Influences of post-implementation factors on the sustainability, sustainment, and intra-organizational spread of complex interventions

  • Yuting Song ((University of Alberta) (Creator)
  • Lauren MacEachern ((University of Toronto) (Creator)
  • Malcolm B. Doupe (University of Manitoba) (Creator)
  • Liane Ginsburg (York St John University) (Creator)
  • Stephanie A. Chamberlain ((University of Alberta) (Creator)
  • Lisa Cranley ((University of Toronto) (Creator)
  • Adam Easterbrook (St. Paul's Hospital, Vancouver) (Creator)
  • Matthias Hoben ((University of Alberta) (Creator)
  • Jennifer Knopp-Sihota (Creator)
  • R. Colin Reid (University of British Columbia) (Creator)
  • Adrian Wagg ((University of Alberta) (Creator)
  • Carole A. Estabrooks ((University of Alberta) (Creator)
  • Janice M. Keefe (Mount Saint Vincent University) (Creator)
  • Tim Rappon ((University of Toronto) (Creator)
  • Whitney B. Berta ((University of Toronto) (Creator)



Abstract Background Complex interventions are increasingly applied to healthcare problems. Understanding of post-implementation sustainment, sustainability, and spread of interventions is limited. We examine these phenomena for a complex quality improvement initiative led by care aides in 7 care homes (long-term care homes) in Manitoba, Canada. We report on factors influencing these phenomena two years after implementation. Methods Data were collected in 2019 via small group interviews with unit- and care home-level managers (n = 11) from 6 of the 7 homes using the intervention. Interview participants discussed post-implementation factors that influenced continuing or abandoning core intervention elements (processes, behaviors) and key intervention benefits (outcomes, impact). Interviews were audio-recorded, transcribed verbatim, and analyzed with thematic analysis. Results Sustainment of core elements and sustainability of key benefits were observed in 5 of the 6 participating care homes. Intra-unit intervention spread occurred in 3 of 6 homes. Factors influencing sustainment, sustainability, and spread related to intervention teams, unit and care home, and the long-term care system. Conclusions Our findings contribute understanding on the importance of micro-, meso-, and macro-level factors to sustainability of key benefits and sustainment of some core processes. Inter-unit spread relates exclusively to meso-level factors of observability and practice change institutionalization. Interventions should be developed with post-implementation sustainability in mind and measures taken to protect against influences such as workforce instability and competing internal and external demands. Design should anticipate need to adapt interventions to strengthen post-implementation traction.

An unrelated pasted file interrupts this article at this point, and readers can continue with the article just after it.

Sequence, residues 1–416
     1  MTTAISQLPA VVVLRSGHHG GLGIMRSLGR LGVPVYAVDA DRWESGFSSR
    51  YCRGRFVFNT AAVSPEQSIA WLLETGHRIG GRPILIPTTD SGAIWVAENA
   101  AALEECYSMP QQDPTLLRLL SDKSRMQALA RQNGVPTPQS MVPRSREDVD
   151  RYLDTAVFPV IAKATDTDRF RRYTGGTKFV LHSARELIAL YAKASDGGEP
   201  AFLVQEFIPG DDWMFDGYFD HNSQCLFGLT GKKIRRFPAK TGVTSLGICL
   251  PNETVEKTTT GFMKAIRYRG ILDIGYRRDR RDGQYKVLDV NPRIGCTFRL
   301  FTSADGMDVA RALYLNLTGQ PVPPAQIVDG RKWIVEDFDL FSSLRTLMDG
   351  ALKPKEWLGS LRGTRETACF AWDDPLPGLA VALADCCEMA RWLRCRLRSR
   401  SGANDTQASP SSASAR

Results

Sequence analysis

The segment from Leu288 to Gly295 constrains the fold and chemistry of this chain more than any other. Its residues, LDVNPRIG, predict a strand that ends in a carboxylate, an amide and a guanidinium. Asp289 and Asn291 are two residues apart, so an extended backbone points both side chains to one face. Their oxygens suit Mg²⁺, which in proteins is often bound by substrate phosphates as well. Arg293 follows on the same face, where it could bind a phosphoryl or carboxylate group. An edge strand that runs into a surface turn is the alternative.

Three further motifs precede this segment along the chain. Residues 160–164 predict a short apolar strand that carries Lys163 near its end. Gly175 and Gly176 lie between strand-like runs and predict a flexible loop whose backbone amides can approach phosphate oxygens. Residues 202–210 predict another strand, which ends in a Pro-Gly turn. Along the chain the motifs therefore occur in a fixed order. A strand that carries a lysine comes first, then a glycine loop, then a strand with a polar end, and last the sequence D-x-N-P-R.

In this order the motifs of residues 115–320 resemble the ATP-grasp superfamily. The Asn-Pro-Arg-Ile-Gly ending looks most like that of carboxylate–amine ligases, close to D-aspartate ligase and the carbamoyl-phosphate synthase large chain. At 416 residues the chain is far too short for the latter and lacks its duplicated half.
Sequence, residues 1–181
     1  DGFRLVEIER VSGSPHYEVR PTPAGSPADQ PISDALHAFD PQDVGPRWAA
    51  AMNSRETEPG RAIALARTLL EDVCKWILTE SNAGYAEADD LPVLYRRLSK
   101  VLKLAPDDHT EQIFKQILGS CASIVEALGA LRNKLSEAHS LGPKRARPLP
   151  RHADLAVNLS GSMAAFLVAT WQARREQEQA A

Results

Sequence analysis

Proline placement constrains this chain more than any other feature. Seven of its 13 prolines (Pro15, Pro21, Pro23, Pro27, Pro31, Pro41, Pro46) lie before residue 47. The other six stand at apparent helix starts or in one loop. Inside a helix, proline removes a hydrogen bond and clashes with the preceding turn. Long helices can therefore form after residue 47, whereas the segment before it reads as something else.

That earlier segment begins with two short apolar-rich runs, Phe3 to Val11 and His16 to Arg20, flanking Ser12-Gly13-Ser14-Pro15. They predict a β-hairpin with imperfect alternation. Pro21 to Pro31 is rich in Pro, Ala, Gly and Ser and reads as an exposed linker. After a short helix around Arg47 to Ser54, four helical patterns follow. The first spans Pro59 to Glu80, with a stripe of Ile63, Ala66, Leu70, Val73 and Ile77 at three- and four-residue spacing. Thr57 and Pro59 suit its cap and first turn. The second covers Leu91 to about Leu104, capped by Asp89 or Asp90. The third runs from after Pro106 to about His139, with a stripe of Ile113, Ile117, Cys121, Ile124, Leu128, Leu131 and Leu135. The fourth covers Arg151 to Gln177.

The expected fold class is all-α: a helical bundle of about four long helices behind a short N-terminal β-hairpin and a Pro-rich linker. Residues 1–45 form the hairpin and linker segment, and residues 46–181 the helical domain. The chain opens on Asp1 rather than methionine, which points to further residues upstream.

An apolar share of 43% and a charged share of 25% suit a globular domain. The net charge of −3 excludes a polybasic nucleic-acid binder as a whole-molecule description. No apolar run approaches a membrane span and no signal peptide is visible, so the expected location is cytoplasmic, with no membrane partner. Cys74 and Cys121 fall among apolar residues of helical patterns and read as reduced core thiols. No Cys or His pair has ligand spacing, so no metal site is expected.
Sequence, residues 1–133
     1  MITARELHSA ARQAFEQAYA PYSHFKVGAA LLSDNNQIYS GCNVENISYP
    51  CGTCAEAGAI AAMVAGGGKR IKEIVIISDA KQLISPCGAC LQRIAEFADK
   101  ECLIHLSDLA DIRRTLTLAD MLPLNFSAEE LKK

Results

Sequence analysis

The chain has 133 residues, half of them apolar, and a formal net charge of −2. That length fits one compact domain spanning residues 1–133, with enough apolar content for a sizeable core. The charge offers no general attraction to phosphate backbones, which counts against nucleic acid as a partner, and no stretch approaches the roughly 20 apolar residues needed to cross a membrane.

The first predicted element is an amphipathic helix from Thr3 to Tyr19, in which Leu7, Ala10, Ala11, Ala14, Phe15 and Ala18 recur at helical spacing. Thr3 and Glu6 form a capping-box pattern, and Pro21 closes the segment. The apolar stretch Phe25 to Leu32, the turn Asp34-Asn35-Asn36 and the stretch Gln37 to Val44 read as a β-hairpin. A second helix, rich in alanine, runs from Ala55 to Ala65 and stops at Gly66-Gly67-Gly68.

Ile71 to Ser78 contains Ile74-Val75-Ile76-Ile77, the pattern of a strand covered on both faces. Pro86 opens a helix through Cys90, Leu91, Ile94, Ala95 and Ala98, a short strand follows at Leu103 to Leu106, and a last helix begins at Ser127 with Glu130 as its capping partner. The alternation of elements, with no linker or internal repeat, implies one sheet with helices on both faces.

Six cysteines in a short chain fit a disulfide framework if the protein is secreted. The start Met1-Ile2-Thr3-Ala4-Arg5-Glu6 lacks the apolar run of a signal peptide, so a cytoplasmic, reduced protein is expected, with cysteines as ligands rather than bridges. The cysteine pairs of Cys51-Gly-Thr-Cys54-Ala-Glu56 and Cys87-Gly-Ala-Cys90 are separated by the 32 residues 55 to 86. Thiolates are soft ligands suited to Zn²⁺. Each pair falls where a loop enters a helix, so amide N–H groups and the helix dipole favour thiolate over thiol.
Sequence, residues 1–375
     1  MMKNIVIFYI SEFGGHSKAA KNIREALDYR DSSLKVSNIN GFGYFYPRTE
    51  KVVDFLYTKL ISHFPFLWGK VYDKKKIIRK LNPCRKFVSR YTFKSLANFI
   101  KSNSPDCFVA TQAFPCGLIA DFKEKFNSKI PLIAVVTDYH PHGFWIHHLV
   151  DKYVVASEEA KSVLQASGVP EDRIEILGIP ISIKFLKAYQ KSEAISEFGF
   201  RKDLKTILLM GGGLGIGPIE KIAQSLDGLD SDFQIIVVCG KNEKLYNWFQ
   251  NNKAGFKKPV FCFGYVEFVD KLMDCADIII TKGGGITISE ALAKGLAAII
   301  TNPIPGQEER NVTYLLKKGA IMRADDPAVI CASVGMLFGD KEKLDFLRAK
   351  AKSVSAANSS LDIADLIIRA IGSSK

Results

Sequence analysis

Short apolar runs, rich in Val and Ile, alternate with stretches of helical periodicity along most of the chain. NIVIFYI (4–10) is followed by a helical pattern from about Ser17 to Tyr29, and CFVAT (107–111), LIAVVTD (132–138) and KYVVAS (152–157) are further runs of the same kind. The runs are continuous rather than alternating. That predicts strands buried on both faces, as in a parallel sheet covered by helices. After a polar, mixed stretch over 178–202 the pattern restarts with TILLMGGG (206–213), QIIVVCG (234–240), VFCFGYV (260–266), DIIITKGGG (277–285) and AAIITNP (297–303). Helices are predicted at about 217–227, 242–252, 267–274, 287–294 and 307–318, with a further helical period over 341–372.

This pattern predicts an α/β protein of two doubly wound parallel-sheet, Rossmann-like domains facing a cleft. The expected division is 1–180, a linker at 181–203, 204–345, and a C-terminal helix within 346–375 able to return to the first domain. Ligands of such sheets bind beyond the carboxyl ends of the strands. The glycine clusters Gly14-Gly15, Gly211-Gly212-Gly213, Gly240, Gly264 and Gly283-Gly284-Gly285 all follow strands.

Date made available2022

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